Languages
Page last updated at 11:12 GMT, Thursday, 22 April 2010 12:12 UK

Armenia suspends normalisation of ties with Turkey

Turkish Foreign Minister Ahmet Davutoglu (L) and Armenian Foreign Minister Eduard Nalbandian sign historic protocols on
The two countries signed a deal to nomalise relations last year

Armenia's ruling coalition has said it is halting the ratification in parliament of landmark accords on normalising relations with Turkey.

It said it was because of Turkey's refusal to "ratify the protocols without preconditions", chiefly over the enclave of Nagorno-Karabakh.

The countries signed a historic deal in 2009 to re-establish diplomatic ties.

There had been a century of hostility following the World War I mass killings of Armenians.

MASS KILLINGS OF ARMENIANS
Hundreds of thousands of ethnic Armenians killed by Ottoman Turks in 1915-6
Many historians and the Armenian people believe the killings amount to genocide
Turks and some historians deny they were orchestrated
More than 20 countries regard the massacres as genocide

Diplomatic moves to normalise relations have faltered recently.

The Armenian coalition decided to halt the ratification process of the accord signed in October last year after Turkish Prime Minister Recep Tayyip Erdogan said it would depend on a peace deal over Nagorno-Karabakh, the Armenian statement said.

"Considering the Turkish side's refusal to fulfil the requirement to ratify the accord without preconditions in a reasonable time, making the continuation of the ratification process in the national parliament pointless, we consider it necessary to suspend this process," the statement said.

"The political majority in the national assembly considers statements from the Turkish side in recent days as unacceptable, specifically those by Prime Minister Erdogan, who has again made the ratification of the Armenia-Turkish protocols by the Turkish parliament directly dependent on a resolution over Nagorno-Karabakh," it said.

Turkey closed its border with Armenia in 1993 to protest against Armenia's war with its neighbour Azerbaijan over the enclave, which is within Azerbaijan but under the control of ethnic Armenian forces.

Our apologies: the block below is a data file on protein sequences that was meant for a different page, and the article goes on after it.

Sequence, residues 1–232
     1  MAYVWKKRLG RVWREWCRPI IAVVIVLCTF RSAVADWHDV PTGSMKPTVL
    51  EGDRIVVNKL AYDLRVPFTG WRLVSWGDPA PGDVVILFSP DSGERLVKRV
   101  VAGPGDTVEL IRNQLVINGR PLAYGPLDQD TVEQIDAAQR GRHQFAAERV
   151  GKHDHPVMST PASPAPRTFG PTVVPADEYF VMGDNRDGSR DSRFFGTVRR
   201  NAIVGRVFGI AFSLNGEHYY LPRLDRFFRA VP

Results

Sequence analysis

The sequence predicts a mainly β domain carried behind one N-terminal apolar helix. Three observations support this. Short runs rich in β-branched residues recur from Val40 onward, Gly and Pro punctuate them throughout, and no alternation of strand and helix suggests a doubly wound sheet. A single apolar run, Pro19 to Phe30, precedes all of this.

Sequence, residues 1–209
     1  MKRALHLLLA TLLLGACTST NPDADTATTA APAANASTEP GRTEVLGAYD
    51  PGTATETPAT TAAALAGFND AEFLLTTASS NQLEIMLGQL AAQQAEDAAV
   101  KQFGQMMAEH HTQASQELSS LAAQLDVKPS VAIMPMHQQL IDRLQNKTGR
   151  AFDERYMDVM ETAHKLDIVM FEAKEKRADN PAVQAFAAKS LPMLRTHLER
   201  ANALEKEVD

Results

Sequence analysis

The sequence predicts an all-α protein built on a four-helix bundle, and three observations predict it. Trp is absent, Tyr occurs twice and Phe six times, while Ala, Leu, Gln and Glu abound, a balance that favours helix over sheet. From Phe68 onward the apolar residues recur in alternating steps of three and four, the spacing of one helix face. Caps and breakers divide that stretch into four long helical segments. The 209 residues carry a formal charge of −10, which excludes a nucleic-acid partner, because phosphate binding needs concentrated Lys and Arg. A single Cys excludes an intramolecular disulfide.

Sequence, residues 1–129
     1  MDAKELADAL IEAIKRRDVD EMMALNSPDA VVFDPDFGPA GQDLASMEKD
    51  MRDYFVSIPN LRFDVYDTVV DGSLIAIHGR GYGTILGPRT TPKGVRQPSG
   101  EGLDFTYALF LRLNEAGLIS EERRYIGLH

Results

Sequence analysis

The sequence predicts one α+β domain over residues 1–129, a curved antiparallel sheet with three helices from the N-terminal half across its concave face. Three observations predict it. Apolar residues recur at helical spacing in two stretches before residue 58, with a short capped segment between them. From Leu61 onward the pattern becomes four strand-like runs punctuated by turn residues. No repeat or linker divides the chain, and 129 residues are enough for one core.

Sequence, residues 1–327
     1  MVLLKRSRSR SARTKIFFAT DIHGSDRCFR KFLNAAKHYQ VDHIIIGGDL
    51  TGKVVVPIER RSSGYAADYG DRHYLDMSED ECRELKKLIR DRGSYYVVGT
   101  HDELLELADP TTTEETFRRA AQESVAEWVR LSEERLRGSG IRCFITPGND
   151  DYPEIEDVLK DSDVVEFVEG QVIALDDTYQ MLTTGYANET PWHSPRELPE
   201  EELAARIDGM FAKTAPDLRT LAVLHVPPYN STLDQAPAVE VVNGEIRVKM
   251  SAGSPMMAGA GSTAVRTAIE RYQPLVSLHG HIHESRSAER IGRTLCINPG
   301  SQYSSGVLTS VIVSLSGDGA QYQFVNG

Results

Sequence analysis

Map of Nagorno-Karabakh

Thousands of people lost their lives in a conflict that erupted after the break-up of the Soviet Union.

A fragile ceasefire was signed in 1994 leaving Karabakh under de facto ethnic Armenian control.

In October last year, Turkey and Armenia signed a historic accord normalising relations despite differences over the World War I mass killings of Armenians.

Armenia wants Turkey to recognise the killings as an act of genocide, but successive Turkish governments have refused to do so.

Hundreds of thousands of Armenians died in 1915, when they were deported en masse from eastern Anatolia by the Ottoman Empire.

More than 20 countries have recognised the killings as deliberate genocide. Turkish officials accept that atrocities were committed but deny they were orchestrated.



Print Sponsor


SEE ALSO
Turkey 'could deport Armenians'
17 Mar 10 |  Europe
Turkish anger at 'genocide' vote
05 Mar 10 |  Americas
Head to head: Was it genocide?
04 Mar 10 |  Europe
Armenia and Turkey normalise ties
10 Oct 09 |  Europe
Armenia-Turkey thaw tinged with pain
04 Jul 09 |  Europe

RELATED INTERNET LINKS
The BBC is not responsible for the content of external internet sites



FEATURES, VIEWS, ANALYSIS
Has China's housing bubble burst?
How the world's oldest clove tree defied an empire
Why Royal Ballet principal Sergei Polunin quit

BBC navigation

BBC © 2014 The BBC is not responsible for the content of external sites. Read more.

This page is best viewed in an up-to-date web browser with style sheets (CSS) enabled. While you will be able to view the content of this page in your current browser, you will not be able to get the full visual experience. Please consider upgrading your browser software or enabling style sheets (CSS) if you are able to do so.

Americas Africa Europe Middle East South Asia Asia Pacific